A group of shipping bodies and associations sent an open letter to European Commissioners, including President Ursula von der Leyen, calling for prompt and predictable disembarkations of persons rescued by merchant vessels in the Mediterranean Sea.
Since the height of the migrant crisis in 2014, merchant ships, assisted by European States and operations in the region, have helped rescue over 80,000 distressed persons in Central Mediterranean. And while the numbers of persons crossing these waters has decreased, evidence suggests this trend is now reversing with Frontex recently reporting an 86% increase in the number of migrant transits through the central route compared to the same period for 2019.
The letter, signed by ECSA, ICS, ITF and ETF, highlights this is deeply alarming to the shipping industry, as the migrant routes pass through international shipping lanes, increasing the likelihood of merchant ships being called on to conduct rescues. The letter comes in the light of recent incidents, such as the 27 refugees who were forced to remain onboard the Maersk Etienne, which “demonstrate there is no guarantee that those ships will receive prompt and adequate assistance when fulfilling their humanitarian responsibilities“.
Merchant ships will not shrink from their legal and moral responsibility to render assistance to those in need of assistance at sea. However, merchant ships are neither built nor equipped to rescue and sustain large groups of distressed people. This places huge pressure on the crews providing humanitarian help. Even when following best practice guidance, provisions for first aid, medical care and food and water are not adapted to large groups of distressed persons – it is therefore essential that rescued persons can be disembarked at the earliest opportunity in a place of safety – as the law demands,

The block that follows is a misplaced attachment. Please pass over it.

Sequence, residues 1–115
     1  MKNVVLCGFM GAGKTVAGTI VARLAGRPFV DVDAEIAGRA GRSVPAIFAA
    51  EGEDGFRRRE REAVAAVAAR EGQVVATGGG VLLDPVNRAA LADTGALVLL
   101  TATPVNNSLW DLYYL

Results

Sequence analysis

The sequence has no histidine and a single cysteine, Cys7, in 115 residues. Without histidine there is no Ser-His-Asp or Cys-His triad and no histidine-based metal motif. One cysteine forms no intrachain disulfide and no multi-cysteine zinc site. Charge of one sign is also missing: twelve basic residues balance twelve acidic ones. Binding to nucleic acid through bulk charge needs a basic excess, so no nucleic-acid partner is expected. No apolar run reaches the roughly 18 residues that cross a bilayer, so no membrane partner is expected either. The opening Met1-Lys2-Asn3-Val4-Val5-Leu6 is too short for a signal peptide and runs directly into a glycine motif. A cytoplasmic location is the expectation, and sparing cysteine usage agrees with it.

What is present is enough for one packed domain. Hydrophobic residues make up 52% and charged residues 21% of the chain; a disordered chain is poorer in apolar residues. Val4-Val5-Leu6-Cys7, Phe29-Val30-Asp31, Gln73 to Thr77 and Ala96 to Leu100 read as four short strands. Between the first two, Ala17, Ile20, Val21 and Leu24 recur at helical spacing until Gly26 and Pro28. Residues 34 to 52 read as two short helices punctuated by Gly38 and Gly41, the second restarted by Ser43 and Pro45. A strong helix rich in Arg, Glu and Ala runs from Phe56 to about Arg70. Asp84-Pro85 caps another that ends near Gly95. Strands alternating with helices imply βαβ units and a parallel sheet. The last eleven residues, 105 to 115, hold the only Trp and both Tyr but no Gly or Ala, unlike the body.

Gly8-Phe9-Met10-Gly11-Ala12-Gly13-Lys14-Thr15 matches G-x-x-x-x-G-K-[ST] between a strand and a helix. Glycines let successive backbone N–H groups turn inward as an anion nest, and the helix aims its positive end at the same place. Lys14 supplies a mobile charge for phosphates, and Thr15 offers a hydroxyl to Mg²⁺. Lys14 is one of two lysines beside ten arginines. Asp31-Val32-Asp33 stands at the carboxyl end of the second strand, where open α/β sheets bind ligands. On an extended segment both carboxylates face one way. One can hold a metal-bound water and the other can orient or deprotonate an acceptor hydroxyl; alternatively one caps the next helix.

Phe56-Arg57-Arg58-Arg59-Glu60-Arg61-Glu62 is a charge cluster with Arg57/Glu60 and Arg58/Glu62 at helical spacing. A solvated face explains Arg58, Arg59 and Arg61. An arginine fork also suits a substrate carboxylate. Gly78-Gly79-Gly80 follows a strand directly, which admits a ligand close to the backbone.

…the letter states.
To ensure merchant vessels conclude rescues safely, states must ensure that the vessels and the masters carrying persons in distress whom they have rescued at sea are relieved as soon as reasonably possible in accordance with international law, such as UNCLOS and SOLAS.
While the extra pressures of the COVID-19 pandemic are fully acknowledged, it remains vital that States fulfil their obligations to cooperate in rescue and disembarkation and find pragmatic and swift solutions so that commercial vessels involved in SAR operations are provided with a safe port to promptly disembark rescued migrants.
Recent incidents have seen merchant ships denied their right to disembark rescued persons in European States, resulting in a humanitarian crisis onboard for rescued people and crew alike.
These situations highlight the need for long-term solutions and a coordinated framework between EU Member States in relation to their obligations under international law to coordinate rescue operations. This should include the provision of clarity and predictability in all such cases, guaranteeing prompt disembarkations of people rescued by merchant ships in a location which minimises the risk to the safety and security of ships, rescued persons, masters and crews, consistent with the obligations of SOLAS,
…the letter reads.
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